As Russia considers reviving "Stalingrad," we scan the map for other unsavory historical figures.
If some Russians have their way, the city of Volgograd would soon revert to the name it carried from 1925 to 1961: Stalingrad. While many Russians still remember Joseph Stalin as a vicious tyrant, others recognize his importance to the country and are willing to consider the change in honor of the victorious Battle of Stalingrad, which is approaching its 70th anniversary. According to Russian news site RT, Communist Party leader Gennady Zyuganov approves of the shift because, after all, the world is filled with "streets, squares, and boulevards" that still bear Stalin's name.
The news got us thinking about other places in the world named for — or carrying the unfortunately same name as — controversial historical figures. Let's stick with Stalin for a moment. Zyuganov is right to say that some places still pay homage to either the battle or the man. The most notable site, at least outside the former Soviet bloc, is the Stalingrad station of the Paris Metro. However most places made a change sooner or later; the Canadian township of Hansen, in the city of Killarney, finally approved ditching its Stalin name in 1986.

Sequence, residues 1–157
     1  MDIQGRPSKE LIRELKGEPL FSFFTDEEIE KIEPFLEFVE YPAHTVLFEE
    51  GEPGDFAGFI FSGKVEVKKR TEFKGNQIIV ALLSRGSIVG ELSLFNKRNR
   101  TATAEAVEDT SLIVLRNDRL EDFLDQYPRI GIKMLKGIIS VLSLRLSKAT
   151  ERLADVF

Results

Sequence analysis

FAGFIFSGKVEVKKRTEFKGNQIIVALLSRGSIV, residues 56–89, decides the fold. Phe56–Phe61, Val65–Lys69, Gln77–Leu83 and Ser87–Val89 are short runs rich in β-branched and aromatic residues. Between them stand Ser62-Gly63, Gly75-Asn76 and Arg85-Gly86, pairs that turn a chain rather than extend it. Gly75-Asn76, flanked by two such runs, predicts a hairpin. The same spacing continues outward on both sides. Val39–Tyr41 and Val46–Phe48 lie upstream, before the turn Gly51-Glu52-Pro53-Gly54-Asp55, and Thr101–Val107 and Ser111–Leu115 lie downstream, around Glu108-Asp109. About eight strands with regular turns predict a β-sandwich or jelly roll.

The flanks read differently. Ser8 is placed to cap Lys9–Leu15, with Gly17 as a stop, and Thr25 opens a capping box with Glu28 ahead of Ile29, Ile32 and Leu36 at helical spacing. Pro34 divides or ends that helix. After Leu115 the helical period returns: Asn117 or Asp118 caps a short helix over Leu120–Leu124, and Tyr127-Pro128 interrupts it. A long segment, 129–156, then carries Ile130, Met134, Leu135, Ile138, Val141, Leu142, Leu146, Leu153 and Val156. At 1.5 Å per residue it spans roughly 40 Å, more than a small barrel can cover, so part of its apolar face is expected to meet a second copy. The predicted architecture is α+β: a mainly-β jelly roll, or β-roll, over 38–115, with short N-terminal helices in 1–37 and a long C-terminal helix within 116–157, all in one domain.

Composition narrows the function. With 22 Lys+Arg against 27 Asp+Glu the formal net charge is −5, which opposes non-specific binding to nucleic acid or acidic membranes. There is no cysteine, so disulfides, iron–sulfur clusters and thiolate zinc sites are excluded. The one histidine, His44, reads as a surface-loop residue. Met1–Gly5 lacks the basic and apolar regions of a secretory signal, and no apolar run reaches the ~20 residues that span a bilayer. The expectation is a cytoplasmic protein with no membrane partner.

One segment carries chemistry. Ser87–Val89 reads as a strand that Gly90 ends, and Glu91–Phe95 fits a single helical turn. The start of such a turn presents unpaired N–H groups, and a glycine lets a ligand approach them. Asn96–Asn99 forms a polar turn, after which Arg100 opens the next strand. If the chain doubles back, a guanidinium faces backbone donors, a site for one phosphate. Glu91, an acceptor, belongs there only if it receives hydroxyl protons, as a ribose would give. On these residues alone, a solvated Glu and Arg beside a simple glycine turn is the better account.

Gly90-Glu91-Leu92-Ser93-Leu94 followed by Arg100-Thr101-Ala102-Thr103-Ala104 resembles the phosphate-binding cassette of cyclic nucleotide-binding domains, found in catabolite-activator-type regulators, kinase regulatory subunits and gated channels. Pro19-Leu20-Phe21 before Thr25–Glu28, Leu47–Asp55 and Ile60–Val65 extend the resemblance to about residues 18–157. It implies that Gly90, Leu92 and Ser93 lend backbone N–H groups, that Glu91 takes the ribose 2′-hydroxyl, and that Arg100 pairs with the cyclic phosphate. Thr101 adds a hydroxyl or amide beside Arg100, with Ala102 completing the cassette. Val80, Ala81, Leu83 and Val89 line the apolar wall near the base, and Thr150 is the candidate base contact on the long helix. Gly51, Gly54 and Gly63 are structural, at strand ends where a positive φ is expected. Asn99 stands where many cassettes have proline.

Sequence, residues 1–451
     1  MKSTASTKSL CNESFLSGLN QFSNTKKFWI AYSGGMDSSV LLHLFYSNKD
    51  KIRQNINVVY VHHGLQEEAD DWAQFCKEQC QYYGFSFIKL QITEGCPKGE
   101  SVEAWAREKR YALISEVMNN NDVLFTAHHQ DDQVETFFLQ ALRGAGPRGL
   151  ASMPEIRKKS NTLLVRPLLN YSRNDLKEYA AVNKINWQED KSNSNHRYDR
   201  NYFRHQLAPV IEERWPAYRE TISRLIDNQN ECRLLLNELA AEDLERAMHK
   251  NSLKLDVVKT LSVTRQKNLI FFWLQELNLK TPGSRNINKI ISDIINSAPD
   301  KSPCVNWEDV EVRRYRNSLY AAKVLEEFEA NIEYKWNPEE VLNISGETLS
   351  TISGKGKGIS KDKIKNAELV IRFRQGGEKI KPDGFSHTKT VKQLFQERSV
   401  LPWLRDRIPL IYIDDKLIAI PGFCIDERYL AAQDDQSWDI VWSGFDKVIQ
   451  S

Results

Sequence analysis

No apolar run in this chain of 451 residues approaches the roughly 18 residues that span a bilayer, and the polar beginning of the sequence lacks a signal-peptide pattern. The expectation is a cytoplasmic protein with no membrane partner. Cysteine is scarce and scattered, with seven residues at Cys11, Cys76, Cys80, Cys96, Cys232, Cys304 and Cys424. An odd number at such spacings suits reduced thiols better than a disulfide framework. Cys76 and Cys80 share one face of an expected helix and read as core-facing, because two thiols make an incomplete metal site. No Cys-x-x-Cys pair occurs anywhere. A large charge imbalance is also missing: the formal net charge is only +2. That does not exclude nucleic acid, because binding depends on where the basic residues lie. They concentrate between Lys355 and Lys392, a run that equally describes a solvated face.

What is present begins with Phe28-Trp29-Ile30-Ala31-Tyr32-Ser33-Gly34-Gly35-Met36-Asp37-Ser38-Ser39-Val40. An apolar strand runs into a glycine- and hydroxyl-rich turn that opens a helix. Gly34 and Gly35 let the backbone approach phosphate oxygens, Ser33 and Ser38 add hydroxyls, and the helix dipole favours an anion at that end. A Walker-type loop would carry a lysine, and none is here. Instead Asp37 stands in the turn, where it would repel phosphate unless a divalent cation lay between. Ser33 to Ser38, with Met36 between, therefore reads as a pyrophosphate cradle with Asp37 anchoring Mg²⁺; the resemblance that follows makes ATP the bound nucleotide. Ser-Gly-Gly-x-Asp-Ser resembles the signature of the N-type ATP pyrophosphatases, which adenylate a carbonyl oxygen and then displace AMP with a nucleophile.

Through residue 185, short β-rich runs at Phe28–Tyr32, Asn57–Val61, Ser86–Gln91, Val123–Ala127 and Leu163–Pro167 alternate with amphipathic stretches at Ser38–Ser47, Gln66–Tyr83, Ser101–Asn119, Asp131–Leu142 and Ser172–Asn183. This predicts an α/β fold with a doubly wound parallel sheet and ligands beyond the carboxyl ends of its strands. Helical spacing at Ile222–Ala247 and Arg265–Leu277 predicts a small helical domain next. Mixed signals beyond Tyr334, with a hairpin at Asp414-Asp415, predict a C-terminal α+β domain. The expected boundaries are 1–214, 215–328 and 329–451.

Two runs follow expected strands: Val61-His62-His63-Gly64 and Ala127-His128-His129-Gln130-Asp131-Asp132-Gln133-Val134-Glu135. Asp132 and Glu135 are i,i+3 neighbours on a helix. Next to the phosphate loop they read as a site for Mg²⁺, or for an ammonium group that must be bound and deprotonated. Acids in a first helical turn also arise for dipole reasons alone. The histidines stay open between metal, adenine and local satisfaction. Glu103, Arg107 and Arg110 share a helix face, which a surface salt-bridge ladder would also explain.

Staying with figures from the Russian revolution, we find that Vladimir Lenin is a bit more palatable to some than Stalin, but he remains controversial enough to have many of his sites renamed as well. The city of Saint Petersburg became Leningrad (via Petrograd) after Lenin's death, only to revert back to its original name in 1991. The area around the city is still known as the Leningrad Oblast. There's a street in Berlin once named for Stalin that's now named for Karl Marx, though some would like to see that changed, too.
Places with names of other World War II leaders — at least from the Axis side — are understandably harder to find. The U.S.G.S. geographic name database points us to Hitler Pond in Ohio and Tojo Mine in New Mexico. The small town of Swastika, in Ontario, considered taking Winston Churchill's name after the war, but so far has resisted a change, arguing it had the name "swastika" before the Nazis did.
The American south is a hotbed of Confederate place-names. The most objectionable would seem to be Confederate leader Jefferson Davis, but a quick Census search turns up Jeff Davis counties in Texas, Mississippi, and Georgia. Remnants of a transcontinental highway bearing the Davis name still occasionally spark controversy in various parts of the country. (A far bigger problem in the south — and other regions across the United States — are places with racially insensitive names.)
Traveling farther back into history brings a few surprises. There's a mine named for Genghis Khan in Boulder, Colorado, that's unlikely to be a coincidence. The city of Ettelbruck, in Luxembourg, is named for a linguistic variant of Attila — Ettel — as in Attila the Hun. Georgetown, the capital city of Guyana, was named for King George III, certainly an unsavory figure from the American perspective. Six states have a place called Napoleon; the Missouri city by that name, for sure, goes for the old French commander, as its neighbor goes by Wellington, for the other commander at Waterloo.
So long as there's a Judas Creek in New Jersey, there's likely to be a place named for just about anyone.
Top image: Paul Ferguson/Flickr